“The Break-Up,” starring Jennifer Aniston and Vince Vaughn, a romantic comedy that’s Vaughn’s first foray into screenwriting should be by the numbers but skips a few steps along the way.
Brooke (Aniston) and Gary (Vaughn) are a formerly happy young couple that live in a fabulous apartment they bought with fairly ordinary jobs. Their relationship starts out like all great romances, with a montage of staged photos of the couple loving life. Time passes and in the middle of an argument, Brooke tells Gary she can’t take it anymore (he would rather play video games then help with the dishes) and so they must break up. The story never really develops what’s emotionally at stake for them if they part, so it becomes all about the condo.
While the two are likeable, the thin script doesn’t capitalize on their skills. When all seems lost, the not-so-predictable ending helps recover the film.—Dina Losito
“Mission: Impossible III”
Thanks to the many antics of Tom Cruise, one thing that got lost in all the hoopla was his latest film, “Mission: Impossible III.” Now that much of the madness has died down, the movie is on DVD and is a great popcorn flick.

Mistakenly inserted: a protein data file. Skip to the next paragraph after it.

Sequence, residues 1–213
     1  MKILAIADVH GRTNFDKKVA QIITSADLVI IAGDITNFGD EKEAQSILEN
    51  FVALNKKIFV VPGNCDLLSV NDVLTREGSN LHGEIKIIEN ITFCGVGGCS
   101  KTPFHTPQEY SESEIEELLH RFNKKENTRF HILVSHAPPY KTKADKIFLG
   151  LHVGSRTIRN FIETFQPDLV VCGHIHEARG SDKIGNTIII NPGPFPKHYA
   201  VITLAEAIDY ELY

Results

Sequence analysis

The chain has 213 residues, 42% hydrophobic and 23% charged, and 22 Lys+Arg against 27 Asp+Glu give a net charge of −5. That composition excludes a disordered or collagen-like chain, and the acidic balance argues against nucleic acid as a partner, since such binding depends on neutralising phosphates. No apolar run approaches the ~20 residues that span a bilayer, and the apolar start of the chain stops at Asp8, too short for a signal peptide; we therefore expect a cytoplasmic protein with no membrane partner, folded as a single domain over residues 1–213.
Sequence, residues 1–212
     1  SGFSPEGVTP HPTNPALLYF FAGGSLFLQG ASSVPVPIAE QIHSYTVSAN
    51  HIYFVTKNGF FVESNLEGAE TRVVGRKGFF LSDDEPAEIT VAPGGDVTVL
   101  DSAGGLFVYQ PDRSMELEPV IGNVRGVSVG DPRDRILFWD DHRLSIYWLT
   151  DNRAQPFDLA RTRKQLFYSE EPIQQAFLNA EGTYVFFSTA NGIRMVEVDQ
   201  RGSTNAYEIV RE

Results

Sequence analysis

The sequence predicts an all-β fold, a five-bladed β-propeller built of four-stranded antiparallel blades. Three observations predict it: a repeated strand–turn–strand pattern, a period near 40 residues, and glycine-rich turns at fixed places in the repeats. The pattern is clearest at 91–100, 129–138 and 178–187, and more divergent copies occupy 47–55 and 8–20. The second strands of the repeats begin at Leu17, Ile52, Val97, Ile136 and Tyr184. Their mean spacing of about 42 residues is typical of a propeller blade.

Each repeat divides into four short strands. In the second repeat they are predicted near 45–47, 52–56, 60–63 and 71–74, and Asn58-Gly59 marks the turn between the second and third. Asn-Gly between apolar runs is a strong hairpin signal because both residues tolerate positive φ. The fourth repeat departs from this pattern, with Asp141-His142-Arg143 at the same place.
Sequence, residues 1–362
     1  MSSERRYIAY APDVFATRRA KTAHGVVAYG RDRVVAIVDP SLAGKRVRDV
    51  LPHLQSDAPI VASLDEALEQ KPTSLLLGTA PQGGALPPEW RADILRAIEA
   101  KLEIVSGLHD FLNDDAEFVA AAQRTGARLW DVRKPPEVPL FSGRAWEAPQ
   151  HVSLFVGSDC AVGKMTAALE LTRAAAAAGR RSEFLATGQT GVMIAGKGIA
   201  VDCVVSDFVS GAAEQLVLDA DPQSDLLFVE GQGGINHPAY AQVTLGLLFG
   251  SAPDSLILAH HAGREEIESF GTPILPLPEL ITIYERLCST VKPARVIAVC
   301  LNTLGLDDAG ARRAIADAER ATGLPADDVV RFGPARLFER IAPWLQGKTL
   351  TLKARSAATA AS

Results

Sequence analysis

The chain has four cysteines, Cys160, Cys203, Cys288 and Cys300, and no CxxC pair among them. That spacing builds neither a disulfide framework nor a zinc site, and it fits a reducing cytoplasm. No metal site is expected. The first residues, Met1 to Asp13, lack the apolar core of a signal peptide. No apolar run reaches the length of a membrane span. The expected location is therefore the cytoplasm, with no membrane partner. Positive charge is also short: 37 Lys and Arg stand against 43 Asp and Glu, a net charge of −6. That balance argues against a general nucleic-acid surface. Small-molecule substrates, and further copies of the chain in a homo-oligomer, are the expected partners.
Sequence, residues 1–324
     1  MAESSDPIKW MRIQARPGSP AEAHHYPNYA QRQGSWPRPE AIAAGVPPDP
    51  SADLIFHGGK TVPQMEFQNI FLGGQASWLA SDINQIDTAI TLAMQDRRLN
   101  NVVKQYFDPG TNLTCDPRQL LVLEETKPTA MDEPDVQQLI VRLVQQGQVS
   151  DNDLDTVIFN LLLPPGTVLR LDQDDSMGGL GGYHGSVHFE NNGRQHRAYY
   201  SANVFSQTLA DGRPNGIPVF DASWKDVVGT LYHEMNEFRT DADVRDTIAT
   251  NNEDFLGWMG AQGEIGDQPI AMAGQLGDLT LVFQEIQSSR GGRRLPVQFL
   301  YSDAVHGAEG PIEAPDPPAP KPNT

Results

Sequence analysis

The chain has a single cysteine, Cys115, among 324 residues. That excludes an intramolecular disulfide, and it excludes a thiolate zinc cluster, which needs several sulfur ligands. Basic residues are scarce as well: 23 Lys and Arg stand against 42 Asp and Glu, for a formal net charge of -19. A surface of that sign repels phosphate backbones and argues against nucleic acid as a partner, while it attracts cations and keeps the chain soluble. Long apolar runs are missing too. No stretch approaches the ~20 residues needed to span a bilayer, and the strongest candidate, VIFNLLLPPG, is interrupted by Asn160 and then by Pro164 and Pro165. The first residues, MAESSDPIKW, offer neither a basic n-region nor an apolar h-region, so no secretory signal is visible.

With “Lost” and “Alias” creator J.J. Abrams at the helm of the picture this time around, the film is essentially a $150 million episode of “Alias.” The plot is thin and simple, but Abrams balances the action adventure elements between the emotionally grounded character developments and relationships. He also makes a point to bring back the teamwork element that was lacking in the last film by allowing the ensemble to play a bigger role in the action.
Cruise is still front and center and in full action hero mode, shooting bad guys, leaping off of skyscrapers, and running through exotic locales. Overall, “Mission: Impossible III” is a solid action movie with plenty of repeat viewing potential and far superior than the two previous installments. —Paul Chi
20th Century Fox
What worked for the original is now dated—a ruthless American ambassador named Robert Thorn (Liev Schreiber) needed to protect his image and decides to raise an orphan as his own and tell no one after his wife gives birth to a stillborn. However, in these modern times, it works in the favor of any ruthless power monger to tell the world that they’ve saved a baby from a life of doom. This is a hard fact to ignore, considering that it’s the motivation of Thorn.
We know from the title that the kid must be evil, and the story hits the evil child moments that made the original so good. Mia Farrow plays the creepy nanny, Mrs. Baylock, who seems uncomfortable and lost.
The extra features are as thin as the story. There is the perfunctory directors’ commentary, a behind the scenes look at the composer, Marco Beltrami, as well as deleted scenes.